My research in fanfiction involves a love of literature and creative writing. I’ve been reading fanfiction for eight years in multiple fandoms—Hunger Games, Dragon Age, Fairy Tail, Haikyuu, and Shugo Chara. I’ve only been writing fanfiction for the last four years (Fairy Tail and Shugo Chara). It wasn’t long before I had harsh criticism on my works. Multiple users claiming I didn’t know the text and that the characters didn’t act like themselves. Criticism was harsher in Young Adult novels (such as Hunger Games) than it was in the manga/anime fandoms. When I entered college, I found that I would get the same type of criticism from my professors and fellow students. They might have been about different texts but the language was similar. Through this I questioned what was the difference between what I did for fun (fanfiction) and what was required of me as a college student.
As stated by Katherine Howell earlier, fanfiction can be used to develop skills in research writing. In order to write a fanfiction, the writer has to be well read in the fandom/text. Just like a research has to be aware of the major scholars of a particular topic. The fanfiction writer also has to be careful of copyright laws by stating that none of characters were created by them and state that they are not profiting off any of it. A research writer has a works cited page and in-text citation to do the same thing. Fanfiction writers must be aware of possible biases of the readers (warnings, labels of ships, etc.). They need to know how to move the audience to feel with the characters and to believe the story (ethos and pathos). In other words the fanfiction writer has to be aware of audience, just like any other writer. Since the preferred publishing method is online, it also allows for instant feedback and criticism from the fandom. This community of writers grow through different interpretations of a text. Not so different than academics in the university.
Rhetoric and Composition would benefit by using fanfiction as a medium between research writing and creative writing. My students in my English 101 class are asked to enter an academic conversation. I have them write two different papers. One paper called Defining the Conversation asks them to write on a topic of their choice and report back on the top researchers and experts in the field. Then they write a paper called Entering the Conversation, where they state their opinion based on the research that came before them. Both papers work together as one large research project. Fanfiction works the same way. A fanfiction writer must have a text or texts to start. They have to be able to define what makes each character separate from the others. They analyze the character’s traits and features, while placing them in different situations and contexts. If they create a crossover (mixing two different texts in one fanfiction) then they are synthesizing.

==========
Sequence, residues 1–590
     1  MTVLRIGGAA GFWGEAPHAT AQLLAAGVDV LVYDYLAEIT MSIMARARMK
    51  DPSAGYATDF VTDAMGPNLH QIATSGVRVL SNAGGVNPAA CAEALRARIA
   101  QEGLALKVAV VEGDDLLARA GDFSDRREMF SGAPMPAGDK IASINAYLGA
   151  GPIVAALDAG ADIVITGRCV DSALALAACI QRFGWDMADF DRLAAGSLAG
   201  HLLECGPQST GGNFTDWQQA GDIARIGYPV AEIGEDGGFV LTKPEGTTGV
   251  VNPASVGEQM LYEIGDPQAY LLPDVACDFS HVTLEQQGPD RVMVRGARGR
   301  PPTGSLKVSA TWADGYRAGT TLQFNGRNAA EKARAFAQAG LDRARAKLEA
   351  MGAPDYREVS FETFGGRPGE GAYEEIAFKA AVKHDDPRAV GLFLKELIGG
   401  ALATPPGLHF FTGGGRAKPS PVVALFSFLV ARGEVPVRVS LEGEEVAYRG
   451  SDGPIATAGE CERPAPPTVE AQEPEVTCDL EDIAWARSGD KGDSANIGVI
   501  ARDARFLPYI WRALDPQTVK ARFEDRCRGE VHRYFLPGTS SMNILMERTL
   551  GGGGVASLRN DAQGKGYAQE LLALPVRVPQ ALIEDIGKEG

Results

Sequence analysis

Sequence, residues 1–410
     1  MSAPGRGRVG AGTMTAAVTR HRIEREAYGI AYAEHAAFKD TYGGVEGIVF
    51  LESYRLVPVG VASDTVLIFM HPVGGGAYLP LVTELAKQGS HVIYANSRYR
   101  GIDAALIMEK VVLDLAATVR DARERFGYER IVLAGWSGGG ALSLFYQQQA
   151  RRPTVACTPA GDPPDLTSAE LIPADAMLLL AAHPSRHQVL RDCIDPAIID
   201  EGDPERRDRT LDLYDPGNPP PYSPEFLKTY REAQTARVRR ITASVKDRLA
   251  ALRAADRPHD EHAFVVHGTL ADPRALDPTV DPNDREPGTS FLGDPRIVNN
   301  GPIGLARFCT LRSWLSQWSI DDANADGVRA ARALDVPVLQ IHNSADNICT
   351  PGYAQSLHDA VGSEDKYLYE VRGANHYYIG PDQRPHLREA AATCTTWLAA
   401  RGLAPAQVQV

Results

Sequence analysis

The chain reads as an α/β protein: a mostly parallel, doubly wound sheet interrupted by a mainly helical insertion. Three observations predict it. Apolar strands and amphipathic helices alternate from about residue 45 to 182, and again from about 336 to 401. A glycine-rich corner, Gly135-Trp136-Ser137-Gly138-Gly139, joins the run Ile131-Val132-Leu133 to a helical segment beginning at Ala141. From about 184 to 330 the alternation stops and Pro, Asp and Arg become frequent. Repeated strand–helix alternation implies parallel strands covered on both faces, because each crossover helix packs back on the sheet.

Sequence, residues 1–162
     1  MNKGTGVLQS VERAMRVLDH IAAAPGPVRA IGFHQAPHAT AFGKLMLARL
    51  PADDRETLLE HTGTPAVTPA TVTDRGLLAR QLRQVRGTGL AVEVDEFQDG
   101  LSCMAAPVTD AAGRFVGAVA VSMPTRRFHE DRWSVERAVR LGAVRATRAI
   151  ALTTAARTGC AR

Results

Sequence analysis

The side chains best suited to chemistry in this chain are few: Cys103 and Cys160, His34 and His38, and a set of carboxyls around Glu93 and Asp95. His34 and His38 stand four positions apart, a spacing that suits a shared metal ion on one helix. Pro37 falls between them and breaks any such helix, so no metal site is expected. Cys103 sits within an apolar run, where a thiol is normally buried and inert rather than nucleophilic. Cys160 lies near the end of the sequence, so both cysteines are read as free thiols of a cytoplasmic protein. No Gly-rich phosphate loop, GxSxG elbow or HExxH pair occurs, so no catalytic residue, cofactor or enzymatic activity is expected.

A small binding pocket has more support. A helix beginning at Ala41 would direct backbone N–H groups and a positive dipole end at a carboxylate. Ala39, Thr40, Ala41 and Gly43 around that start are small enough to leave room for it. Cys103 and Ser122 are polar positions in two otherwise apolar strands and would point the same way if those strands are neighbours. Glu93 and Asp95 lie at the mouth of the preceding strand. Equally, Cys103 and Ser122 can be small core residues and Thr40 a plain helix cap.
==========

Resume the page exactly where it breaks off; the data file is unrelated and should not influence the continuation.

To expand on this, I would suggest the idea of scholarship fanfiction. This idea came after talking with Jacqueline Rhodes, a scholar in queer theory. I brought up the topic of fanfiction and eventually we came to the notion of scholar fanfiction. Fanfiction based on how some well-known scholars might interact with theory outside their discipline. A simple example would be a student tried to write Karl Marx in the context of media literacy. How would Marx write about such a topic? Would there been be changes if he was published today? What would he have written about? In scholar fanfiction, the writer (student) wouldn't use marxist theory to analyze media but write as if they are Karl Marx. Of course this would only create an imitation but it forces the student to have a deeper understanding of the material than jsut how to apply it.
When it comes to the Western literature canon (or any canon), fanfiction helps1 students to enter the conversation that had started long before the students were born. Allowing the students to create fanfictions in the framework of a literature class (or rhetoric and composition class) gives a space for expanding the original canon and a different perspective. It also allows for discussion between appropriation, adaptation, and fanfiction. Tumblr user copperbadge, who writes fanfiction and novels, states that “Appropriation is about taking without knowing; Adaptation is about knowing and changing; Fanfiction is about knowing, changing, and expanding” (copperbadge). Fanfiction requires the students to know the work, make changes based on what they want added, and thus expanding the world of the canon.
Copperbadge. “Appropriation, Adaptation, and Fanficiton”. The Sundry Times. Tumblr. 2013. 13 April 2015.